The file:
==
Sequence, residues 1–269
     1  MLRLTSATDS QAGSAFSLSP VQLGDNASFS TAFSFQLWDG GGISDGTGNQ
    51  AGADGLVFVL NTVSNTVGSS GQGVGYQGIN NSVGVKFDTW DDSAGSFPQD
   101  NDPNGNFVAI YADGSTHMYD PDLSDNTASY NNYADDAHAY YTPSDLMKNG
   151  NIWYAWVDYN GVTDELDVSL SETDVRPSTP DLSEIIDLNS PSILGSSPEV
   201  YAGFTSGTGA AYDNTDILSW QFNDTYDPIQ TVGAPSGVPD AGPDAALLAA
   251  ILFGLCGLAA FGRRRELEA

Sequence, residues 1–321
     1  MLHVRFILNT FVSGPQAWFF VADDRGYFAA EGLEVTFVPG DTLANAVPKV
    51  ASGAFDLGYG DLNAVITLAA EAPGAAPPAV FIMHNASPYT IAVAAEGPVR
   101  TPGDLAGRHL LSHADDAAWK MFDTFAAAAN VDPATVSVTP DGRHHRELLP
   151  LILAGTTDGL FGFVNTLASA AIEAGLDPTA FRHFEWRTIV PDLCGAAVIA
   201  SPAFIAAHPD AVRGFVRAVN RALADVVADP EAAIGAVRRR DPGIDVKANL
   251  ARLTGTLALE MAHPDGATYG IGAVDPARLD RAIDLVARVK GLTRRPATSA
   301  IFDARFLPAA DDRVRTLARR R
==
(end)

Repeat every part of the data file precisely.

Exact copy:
Sequence, residues 1–269
     1  MLRLTSATDS QAGSAFSLSP VQLGDNASFS TAFSFQLWDG GGISDGTGNQ
    51  AGADGLVFVL NTVSNTVGSS GQGVGYQGIN NSVGVKFDTW DDSAGSFPQD
   101  NDPNGNFVAI YADGSTHMYD PDLSDNTASY NNYADDAHAY YTPSDLMKNG
   151  NIWYAWVDYN GVTDELDVSL SETDVRPSTP DLSEIIDLNS PSILGSSPEV
   201  YAGFTSGTGA AYDNTDILSW QFNDTYDPIQ TVGAPSGVPD AGPDAALLAA
   251  ILFGLCGLAA FGRRRELEA

Sequence, residues 1–321
     1  MLHVRFILNT FVSGPQAWFF VADDRGYFAA EGLEVTFVPG DTLANAVPKV
    51  ASGAFDLGYG DLNAVITLAA EAPGAAPPAV FIMHNASPYT IAVAAEGPVR
   101  TPGDLAGRHL LSHADDAAWK MFDTFAAAAN VDPATVSVTP DGRHHRELLP
   151  LILAGTTDGL FGFVNTLASA AIEAGLDPTA FRHFEWRTIV PDLCGAAVIA
   201  SPAFIAAHPD AVRGFVRAVN RALADVVADP EAAIGAVRRR DPGIDVKANL
   251  ARLTGTLALE MAHPDGATYG IGAVDPARLD RAIDLVARVK GLTRRPATSA
   301  IFDARFLPAA DDRVRTLARR R